A new type of wind turbine harvests not only electricity from the wind, but clean water from the air, by condensing humidity from even the driest climes. One prototype turbine is apparently collecting 16.3 gallons of water an hour from the desert air over Abu Dhabi, according to the company that builds it.
By Peter Andrey SmithPosted 03.19.2012 at 10:12 am 5 Comments
To demonstrate what the Advanced Structures and Composites Center's new lab will do to wind blades, Larry Parent, an engineer at the University of Maine, takes out his bifocals and begins bending them. The 230-foot-long fiberglass composite blades will suffer greater strain; most will be bent until they begin to break. The Offshore Wind Laboratory is busting blades to design the toughest ones possible, capable of handling the extreme weather conditions 20 miles off the coast, in the Gulf of Maine.
A new paint made of power plant waste and carbon nanotubes can automatically detect structural faults, alerting authorities before damage occurs. It could be a cheaper, easier way to monitor facilities like bridges, mines and even wind turbines.
As wind turbine designs grow ever larger, engineers need new facilities to test their mettle, measuring their energy-generation capacity and making sure they can withstand the windiest conditions.
A new rig for extreme turbine rotor blade tests is set to open this summer in Germany, built to assess a new generation of mega turbines.
A new bridge concept incorporates wind and solar energy into its design, generating 40 million kilowatt-hours per year — and looking pretty slick to boot.
The Solar Wind concept would use the space between an existing viaduct in southern Italy to install 26 wind turbines, which designers Francesco Colarossi, Giovanna Saracino and Luisa Saracino say could provide 36 million kilowatt hours of electricity every year.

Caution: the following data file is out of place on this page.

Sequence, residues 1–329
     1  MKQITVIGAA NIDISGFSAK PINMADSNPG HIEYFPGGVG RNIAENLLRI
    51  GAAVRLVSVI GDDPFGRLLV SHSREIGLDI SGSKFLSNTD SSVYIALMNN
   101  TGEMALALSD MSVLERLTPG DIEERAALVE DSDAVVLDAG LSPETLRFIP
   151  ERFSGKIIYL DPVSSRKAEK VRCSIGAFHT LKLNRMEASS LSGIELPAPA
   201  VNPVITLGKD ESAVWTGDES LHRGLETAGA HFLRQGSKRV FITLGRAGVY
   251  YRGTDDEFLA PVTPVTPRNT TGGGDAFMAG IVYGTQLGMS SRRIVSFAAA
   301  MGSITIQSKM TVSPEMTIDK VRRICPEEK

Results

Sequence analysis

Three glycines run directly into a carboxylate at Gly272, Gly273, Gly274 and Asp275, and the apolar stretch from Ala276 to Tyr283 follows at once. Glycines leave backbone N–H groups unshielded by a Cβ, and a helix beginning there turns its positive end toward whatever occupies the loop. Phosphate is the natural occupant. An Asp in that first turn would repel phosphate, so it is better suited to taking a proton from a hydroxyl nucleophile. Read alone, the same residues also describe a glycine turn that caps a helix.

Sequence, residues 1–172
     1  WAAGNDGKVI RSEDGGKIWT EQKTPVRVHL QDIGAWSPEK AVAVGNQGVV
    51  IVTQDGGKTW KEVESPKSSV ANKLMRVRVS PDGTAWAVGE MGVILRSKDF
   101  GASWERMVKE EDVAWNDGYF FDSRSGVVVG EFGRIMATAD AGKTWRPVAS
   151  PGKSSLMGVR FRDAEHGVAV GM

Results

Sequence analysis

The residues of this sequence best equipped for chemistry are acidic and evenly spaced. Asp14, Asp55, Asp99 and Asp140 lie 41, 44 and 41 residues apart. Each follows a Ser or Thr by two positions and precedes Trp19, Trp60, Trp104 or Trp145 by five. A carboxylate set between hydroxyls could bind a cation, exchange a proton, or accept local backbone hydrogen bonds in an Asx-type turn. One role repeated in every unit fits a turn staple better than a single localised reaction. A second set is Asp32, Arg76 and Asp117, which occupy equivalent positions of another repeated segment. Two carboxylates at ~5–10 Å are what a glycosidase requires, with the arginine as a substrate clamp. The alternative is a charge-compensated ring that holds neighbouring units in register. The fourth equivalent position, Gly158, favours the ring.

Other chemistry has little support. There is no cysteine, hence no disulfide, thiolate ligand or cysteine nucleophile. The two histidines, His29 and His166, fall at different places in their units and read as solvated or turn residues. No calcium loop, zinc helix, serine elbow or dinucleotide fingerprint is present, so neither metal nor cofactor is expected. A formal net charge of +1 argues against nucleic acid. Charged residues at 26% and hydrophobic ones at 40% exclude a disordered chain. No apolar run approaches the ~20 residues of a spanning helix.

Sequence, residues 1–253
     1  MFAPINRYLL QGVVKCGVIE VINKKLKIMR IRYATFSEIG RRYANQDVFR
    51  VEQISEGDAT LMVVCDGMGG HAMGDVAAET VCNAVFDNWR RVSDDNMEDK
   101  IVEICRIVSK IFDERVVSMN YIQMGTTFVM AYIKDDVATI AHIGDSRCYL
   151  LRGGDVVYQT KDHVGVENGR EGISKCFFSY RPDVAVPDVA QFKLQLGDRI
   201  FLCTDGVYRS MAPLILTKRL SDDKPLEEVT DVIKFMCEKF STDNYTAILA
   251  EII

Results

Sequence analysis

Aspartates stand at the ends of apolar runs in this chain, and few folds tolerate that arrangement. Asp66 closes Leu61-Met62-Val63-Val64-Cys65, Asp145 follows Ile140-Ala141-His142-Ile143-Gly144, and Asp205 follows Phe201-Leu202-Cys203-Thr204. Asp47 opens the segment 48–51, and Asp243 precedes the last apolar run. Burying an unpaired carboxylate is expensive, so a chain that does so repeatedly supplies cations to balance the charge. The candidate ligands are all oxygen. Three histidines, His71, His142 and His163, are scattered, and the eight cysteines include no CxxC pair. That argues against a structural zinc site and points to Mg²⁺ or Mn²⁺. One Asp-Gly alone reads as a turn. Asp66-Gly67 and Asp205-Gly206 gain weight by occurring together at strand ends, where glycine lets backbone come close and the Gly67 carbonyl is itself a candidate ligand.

Future airborne wind turbines could spin with greater gusto in the faster winds found at high altitudes, and send power back to Earth via nanotube tether cables. Swarms of energy-harvesting kites, whirling blimps or balloons could stay aloft for a year, and could be reeled in during storms or for maintenance.
The Philadelphia Eagles announced a partnership with Solar Blue to completely re-green their stadium (and to make endless puns about "greening" the team with the deep green uniforms). It's actually pretty groundbreaking stuff: They plan to use a combination of on-site wind turbines, solar panels, and a dual-fuel (biodiesel and natural gas) plant to run on completely self-generated renewable energy by September 2011. It'll be the only stadium in the world that can make that claim.
DENVER — Bad news for bats: Mother Nature is not the only thing wiping them out. Anthropogenic climate change and renewable energy technology are also wreaking havoc on bat populations throughout North America. Biologists are looking for ways to protect bats not only from a devastating fungus, but from wind turbines and global warming.